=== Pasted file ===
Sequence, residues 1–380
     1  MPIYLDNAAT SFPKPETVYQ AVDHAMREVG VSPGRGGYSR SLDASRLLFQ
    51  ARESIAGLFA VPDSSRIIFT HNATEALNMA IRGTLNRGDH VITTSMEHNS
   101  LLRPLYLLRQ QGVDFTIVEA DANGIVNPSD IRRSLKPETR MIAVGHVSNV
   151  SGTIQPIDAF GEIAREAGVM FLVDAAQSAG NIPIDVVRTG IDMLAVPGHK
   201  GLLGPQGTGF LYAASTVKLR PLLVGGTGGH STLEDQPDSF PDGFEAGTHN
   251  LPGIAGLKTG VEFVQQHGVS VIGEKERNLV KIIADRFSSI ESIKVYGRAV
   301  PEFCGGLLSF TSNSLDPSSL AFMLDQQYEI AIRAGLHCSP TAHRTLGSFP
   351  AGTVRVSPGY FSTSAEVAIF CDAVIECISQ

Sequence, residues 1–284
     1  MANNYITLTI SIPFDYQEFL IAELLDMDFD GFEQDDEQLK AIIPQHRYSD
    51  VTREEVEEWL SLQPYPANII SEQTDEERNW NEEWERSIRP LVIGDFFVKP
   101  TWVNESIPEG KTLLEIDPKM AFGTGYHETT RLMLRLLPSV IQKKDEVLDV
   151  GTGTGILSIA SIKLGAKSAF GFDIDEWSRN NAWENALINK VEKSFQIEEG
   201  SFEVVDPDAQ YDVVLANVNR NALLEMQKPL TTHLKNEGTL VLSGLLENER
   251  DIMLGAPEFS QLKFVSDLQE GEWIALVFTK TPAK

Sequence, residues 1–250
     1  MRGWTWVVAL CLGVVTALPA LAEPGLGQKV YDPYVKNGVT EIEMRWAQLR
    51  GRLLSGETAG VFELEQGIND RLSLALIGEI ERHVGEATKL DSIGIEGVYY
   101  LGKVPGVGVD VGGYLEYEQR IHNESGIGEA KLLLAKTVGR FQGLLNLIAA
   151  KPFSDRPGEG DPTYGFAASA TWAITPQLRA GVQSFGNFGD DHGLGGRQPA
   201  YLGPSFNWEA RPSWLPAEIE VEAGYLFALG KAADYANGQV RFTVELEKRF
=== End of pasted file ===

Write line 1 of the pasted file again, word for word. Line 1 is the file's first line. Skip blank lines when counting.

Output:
Sequence, residues 1–380